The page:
New plant to treat radioactive waste planned for Faslane


Construction of the new building would take two and a half years
Construction of the new building would take two and a half years

The Ministry of Defence has revealed proposals for a new ‘Nuclear Support Hub’, which it says will reduce the amount of radioactivity discharged into the Gareloch.

The two-storey building, 45 metres long and 31 metres wide, would be on a concrete podium with an access ramp constructed over the water at Faslane.

The plans for HM Naval Base Clyde will be decided by Argyll and Bute Council, and detailed in lengthy documents drawn up by planning agents Jacobs Ltd which say it will process low-level radioactive liquid waste.Screen Shot 2014-11-07 at 22.10.13

The facility has an estimated lifespan of 50 years; of planning permission is given, construction is expected to begin in January 2016 and end in April 2018.

A supporting statement by the planning agents adds: “The existing effluent treatment and disposal process is effective but nearing the end of its life and it requires to be replaced with a facility which will utilise modern technology and will reduce the levels of radioactivity in the effluent discharges into the Gareloch.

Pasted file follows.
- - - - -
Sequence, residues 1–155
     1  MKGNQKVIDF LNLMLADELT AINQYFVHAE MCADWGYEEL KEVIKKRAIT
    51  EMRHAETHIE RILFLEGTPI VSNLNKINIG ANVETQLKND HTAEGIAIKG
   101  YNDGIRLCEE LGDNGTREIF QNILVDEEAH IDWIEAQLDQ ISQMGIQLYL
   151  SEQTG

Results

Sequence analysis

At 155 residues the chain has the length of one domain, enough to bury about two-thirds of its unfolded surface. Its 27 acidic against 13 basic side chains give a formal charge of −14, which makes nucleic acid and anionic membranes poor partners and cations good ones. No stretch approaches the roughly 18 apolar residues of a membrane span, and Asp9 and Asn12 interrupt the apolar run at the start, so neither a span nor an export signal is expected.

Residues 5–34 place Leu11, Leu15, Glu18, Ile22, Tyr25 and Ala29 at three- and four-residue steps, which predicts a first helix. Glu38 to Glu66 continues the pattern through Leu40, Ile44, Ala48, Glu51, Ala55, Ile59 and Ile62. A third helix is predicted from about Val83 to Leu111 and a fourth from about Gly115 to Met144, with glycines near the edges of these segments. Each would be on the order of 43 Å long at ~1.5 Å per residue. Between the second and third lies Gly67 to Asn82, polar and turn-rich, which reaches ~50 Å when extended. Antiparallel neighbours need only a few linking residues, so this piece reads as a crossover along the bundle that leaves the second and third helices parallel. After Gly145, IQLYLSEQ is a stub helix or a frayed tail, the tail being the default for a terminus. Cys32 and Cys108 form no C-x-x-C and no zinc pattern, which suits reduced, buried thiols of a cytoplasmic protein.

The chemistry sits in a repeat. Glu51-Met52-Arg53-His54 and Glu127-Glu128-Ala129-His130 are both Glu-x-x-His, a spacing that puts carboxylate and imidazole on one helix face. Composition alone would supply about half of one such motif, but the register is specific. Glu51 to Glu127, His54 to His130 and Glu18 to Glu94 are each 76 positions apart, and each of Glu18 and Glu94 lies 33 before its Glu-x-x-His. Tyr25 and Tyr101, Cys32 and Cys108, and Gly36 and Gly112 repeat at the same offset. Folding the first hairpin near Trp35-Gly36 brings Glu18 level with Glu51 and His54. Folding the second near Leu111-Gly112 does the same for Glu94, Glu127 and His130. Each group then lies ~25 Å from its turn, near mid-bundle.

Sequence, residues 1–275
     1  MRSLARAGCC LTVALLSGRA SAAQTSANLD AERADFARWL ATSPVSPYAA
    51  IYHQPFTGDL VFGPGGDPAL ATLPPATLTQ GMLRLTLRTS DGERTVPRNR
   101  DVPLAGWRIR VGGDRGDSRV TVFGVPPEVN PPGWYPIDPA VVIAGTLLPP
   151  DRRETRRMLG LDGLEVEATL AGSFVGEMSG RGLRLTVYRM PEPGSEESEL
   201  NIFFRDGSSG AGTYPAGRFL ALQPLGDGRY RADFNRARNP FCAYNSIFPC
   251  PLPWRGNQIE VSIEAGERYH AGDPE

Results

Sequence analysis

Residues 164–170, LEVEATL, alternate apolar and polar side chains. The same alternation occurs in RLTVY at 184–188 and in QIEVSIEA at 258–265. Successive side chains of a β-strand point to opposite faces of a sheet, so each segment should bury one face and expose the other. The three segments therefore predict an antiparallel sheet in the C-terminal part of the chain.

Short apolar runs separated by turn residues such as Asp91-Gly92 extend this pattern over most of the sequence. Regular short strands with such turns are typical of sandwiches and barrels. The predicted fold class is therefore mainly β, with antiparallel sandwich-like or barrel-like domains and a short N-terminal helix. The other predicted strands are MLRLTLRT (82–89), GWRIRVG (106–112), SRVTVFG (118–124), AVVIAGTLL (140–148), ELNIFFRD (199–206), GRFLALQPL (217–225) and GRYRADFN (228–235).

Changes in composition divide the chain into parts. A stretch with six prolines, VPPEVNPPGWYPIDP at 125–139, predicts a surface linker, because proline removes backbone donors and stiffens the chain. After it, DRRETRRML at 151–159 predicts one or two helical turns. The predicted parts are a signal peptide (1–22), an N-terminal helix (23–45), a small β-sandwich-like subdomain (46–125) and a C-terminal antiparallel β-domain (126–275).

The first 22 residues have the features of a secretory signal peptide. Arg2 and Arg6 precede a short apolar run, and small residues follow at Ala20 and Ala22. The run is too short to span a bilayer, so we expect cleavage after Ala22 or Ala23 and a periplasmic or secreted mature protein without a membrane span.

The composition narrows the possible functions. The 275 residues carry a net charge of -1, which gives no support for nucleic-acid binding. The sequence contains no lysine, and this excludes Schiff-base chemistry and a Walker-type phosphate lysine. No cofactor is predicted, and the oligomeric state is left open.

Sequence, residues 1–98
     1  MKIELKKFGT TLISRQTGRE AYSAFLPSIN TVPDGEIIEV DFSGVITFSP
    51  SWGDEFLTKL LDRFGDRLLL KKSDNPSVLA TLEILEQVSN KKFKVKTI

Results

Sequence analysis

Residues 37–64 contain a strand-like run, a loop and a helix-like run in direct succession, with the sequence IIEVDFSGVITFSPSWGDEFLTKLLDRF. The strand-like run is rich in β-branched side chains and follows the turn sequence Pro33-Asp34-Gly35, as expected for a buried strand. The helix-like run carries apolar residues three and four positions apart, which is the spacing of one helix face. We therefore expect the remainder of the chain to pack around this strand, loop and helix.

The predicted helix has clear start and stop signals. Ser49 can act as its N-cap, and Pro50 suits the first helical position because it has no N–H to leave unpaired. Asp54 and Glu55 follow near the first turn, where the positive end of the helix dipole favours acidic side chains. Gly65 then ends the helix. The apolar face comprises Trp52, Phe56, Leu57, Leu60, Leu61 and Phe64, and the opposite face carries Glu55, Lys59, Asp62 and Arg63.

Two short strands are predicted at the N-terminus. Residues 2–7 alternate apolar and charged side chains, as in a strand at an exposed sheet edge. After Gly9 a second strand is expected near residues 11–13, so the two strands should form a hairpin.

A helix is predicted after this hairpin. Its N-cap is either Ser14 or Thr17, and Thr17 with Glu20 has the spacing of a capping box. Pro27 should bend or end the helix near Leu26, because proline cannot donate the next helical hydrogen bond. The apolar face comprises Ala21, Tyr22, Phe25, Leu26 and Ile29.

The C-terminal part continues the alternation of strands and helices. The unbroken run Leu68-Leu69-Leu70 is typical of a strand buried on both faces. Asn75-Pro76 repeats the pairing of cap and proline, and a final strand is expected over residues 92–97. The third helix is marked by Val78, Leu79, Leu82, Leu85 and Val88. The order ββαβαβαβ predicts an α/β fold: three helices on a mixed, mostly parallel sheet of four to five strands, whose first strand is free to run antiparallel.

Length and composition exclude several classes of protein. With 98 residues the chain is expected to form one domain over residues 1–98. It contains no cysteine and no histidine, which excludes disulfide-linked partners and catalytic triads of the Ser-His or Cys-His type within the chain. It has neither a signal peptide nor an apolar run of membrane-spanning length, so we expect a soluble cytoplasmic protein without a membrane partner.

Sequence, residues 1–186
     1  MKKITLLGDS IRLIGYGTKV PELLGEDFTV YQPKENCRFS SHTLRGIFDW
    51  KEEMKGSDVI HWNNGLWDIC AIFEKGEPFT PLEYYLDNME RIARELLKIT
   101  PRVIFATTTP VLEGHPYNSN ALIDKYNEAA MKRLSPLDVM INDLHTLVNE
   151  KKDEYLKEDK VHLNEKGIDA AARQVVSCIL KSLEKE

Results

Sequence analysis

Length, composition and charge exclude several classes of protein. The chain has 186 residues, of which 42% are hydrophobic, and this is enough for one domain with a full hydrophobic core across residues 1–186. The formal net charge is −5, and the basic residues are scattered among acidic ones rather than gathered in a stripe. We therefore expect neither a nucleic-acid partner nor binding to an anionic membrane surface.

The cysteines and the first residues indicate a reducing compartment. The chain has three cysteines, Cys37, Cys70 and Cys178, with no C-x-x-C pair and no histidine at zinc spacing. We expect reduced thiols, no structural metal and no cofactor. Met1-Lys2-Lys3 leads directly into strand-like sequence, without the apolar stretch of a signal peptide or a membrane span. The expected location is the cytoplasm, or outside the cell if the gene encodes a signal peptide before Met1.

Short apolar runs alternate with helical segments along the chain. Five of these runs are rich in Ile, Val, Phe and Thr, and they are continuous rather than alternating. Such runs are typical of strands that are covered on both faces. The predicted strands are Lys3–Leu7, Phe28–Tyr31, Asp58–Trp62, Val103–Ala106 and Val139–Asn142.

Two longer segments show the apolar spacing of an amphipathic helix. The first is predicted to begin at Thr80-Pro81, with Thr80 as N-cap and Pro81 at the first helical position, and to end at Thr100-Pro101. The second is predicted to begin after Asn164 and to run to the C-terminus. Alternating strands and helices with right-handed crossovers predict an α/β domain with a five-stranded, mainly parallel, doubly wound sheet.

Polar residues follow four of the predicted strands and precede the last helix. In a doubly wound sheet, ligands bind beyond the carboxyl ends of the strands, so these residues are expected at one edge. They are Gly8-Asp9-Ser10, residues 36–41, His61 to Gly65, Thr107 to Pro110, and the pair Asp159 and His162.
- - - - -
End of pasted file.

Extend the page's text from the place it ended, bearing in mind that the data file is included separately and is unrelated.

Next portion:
“The opportunity is being taken to continue two facilities into a combined modern facility with the benefits of integrated services and health physics as well as a reduced nuclear footprint for the base.”

It adds that radioactive liquid effluent and solid waste from nuclear-powered submarines has been successfully treated and disposed of at Faslane since 1967.

The new building would treat and dispose of liquid waste, treat and condition solid waste and decontaminate tools and equipment used in maintaining nuclear-powered vessels.

Effluent would be processed to a level where it can be discharged into the Gareloch within limits agreed with SEPA.

The statement by Jacobs adds: “The annual discharge consent levels for the different radioactive species (except tritium) will be lower than for the existing arrangements, and levels of radioactivity discharged into the Gareloch over recent years have been significantly less than the consented limits.

“Therefore, based on current throughput of wastes, the proposed development is predicted to be of benefit to the environment of the Gareloch when compared to the existing treatment facility arrangements.”

Further details of the plan are available on the council’s website – search for planning application reference number 14/02508

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